Randall Patrick McMurphy is the protagonist of the novel. He represents the antithesis of all that control in any form represents via his enthusiasm, vitality and energy, hence the irony in his initials of RPM or Revolutions Per Minute. He appears to be a man out of control and represents the counter-culture of the American nation prevalent at this time. The fact that he allows the court proclaim him to be a “psychopath” so as to escape a prison work farm, is testament to the fact that he is clearly shrewd and determined to escape the oppressive outside world from which he has been sent. It is also clear that any member of a recognised society is taking a gamble in stepping out of that society’s confines. Therefore Kesey has made McMurphy a “gambling fool” who is being punished for breaking the established order required by those who govern. He is also a man free from what he sees as to being any form of guilt, hence his reluctance to take a shower upon his admittance and merely acts naturally as he introduces himself to his fellow patients. So naturally in fact that one of the first things that Chief notices that is particular to this new admission, is that he laughs naturally. It is the first genuine laugh that Chief has heard in years and clearly marks McMurphy as being somewhat different to those within the institution and therefore within society. However, within the confines of recognised normality, that which exists on the ward is anything but ‘normal’ as the usual role of the white dominant male has been replaced by that of the white dominant female with the assistance of coloured aides. Thereby asking the recurring question as to what is normal? As the novel progresses, the conflict between Nurse Ratched and McMurphy develops into what can be seen as a battle between bureaucracy and free-will. It is in this that McMurphy is most used to illustrate the alternatives to conformity. Although he can be seen to recognise the need for rules in life as much as there is a need for rules in cards, McMurphy is of the opinion that these rules need not be inflexible. This is illustrated in the game of Monopoly which takes place on the ward in which the patient Martini is given some leeway as to how the game is conducted. Yet to Nurse Ratched, rules -concerning the volume of the music on the ward for example - are set in stone and will not, rather than cannot, be changed . Hence the issue of the Baseball match in which, though McMurphy eventually loses the ‘democratic’ vote of the ward having first tried to change ward policy, he can ultimately be seen to have beaten the system as all of those who voted with him sit down and imagine that they are watching the ball game and are thereby not getting on with their designated chores, thus bringing the ward, and the interior world of the ward, to a standstill. This unorganised act of insubordination demonstrates that the power of popular support can override the decisions of the minority which control such ill informed altruistic policies. The issue also offers the first realistic opportunity for the patients to have a say in what goes on within their society in connection with matters pertaining to the outside world. This in turn changes the parameters of their perceptions and embodies a desire for change that is taking place within American society.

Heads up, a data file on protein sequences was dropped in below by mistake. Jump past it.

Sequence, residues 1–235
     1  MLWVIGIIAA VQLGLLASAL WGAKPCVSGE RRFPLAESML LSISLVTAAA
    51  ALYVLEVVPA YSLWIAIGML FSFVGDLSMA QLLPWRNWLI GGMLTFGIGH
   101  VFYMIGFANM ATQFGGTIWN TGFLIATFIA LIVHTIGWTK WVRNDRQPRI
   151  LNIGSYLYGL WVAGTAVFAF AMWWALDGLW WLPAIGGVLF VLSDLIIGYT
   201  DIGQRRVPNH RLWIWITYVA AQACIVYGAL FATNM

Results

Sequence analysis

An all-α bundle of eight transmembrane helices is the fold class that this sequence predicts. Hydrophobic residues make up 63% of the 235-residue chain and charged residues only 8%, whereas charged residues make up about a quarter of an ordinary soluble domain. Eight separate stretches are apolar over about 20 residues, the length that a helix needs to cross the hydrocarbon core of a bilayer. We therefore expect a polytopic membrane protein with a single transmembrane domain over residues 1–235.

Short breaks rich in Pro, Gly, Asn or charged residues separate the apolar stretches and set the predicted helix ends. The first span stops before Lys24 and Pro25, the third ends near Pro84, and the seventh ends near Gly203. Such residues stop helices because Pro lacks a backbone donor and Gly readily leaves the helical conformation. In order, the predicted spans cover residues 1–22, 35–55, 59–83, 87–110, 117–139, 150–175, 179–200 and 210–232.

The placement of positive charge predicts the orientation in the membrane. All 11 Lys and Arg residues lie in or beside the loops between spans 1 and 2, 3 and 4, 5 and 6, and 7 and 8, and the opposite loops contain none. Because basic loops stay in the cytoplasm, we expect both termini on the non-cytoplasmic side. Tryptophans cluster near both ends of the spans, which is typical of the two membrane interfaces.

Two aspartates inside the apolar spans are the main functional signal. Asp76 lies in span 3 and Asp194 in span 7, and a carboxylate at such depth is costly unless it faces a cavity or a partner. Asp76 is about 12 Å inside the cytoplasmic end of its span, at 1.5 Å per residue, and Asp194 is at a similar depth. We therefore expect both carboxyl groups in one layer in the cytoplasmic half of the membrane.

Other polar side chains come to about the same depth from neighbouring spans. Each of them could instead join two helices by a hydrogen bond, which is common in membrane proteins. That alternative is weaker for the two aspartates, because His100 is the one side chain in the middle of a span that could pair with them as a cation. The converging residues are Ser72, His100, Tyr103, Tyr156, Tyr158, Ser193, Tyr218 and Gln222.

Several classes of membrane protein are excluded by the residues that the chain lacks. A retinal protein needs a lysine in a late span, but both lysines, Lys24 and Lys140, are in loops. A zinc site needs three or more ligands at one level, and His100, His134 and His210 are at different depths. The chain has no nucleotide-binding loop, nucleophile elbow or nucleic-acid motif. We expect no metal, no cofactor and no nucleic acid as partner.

The fishing trip further emboldens the patients as they can be seen to overcome their fears of venturing outside the confines of the institution. Though McMurphy originally sees the organisation of the trip to meet his own personal needs, the opposition provided to his proposal by Nurse Ratched can be seen to have undermined her authority. This is especially true when the ward Doctor is included in the expedition. What Kesey seems to be saying here is that should only a small amount of officialdom be willing to listen to the voices of the people, then significant change can be invoked for the good of the majority. The number of patients far outweigh the number of staff, yet all are held within the authoritarian conformities imposed by the minority number. This can be seen to be representative of the world at large when transferring the numbers of patients to those of the people and those of the ward staff for those of government officials. Yet with the inclusion of the Doctor, the trip goes ahead despite the warnings of The Big Nurse, which have nothing to do with her ‘fears’ for the safety of the patients but rather of Ratched losing control over ‘her’ ward and the way in which it is run. Again this can be seen as a demonstration of the power of popular consensus over bureaucracy. The accepted norms of social conformity - all be it within the limitations of the ward - are being openly challenged and it is authoritarian control which can be seen to conform to the will of the mass. The fear of the outside world to such wholesale change is illustrated on the fishing trip, with the stop at the gas station when the patients are encouraged to use their illnesses so as to achieve their aims. That an overall change is possible however is demonstrated in the change of attitude of those at the dockside, who had been overtly hostile to the group before setting sail, yet welcoming and warm when seeing that no harm had been done and that the group had acquitted themselves well in bringing back such an impressive catch of fish, despite expectations to the contrary. This shows that all new ideas set out by the minority of non-conformists might not necessarily be bad ideas despite any preconceived interpretations, but that in order to find out the majority should at first be willing to listen before casting any such ideas aside. This section of the novel sees the patients confront society and as such, can be seen to transform them into a self reliant body who are worthy of respect as men and as equals to their immediate contemporaries, in this case the fishermen. There is also the religious significance of this section to be taken into consideration. McMurphy has been transformed, via the fishing trip analogy, into something of a Christ like redeemer. The trip has changed from a rapidly growing demonstration of open insubordination by those on the ward, into a unit of men filled with a sense of self worth denied to them under the confines imposed by Nurse Ratched. This is all that has ever been desired by the majority of the patients. Therefore McMurphy can be seen as to have understood this better than any psychologist ever could and has given the patients ultimately what they needed. Therefore Kesey is underlining the fact that the needs of the people are ultimately uncomplicated and need only be recognised as such.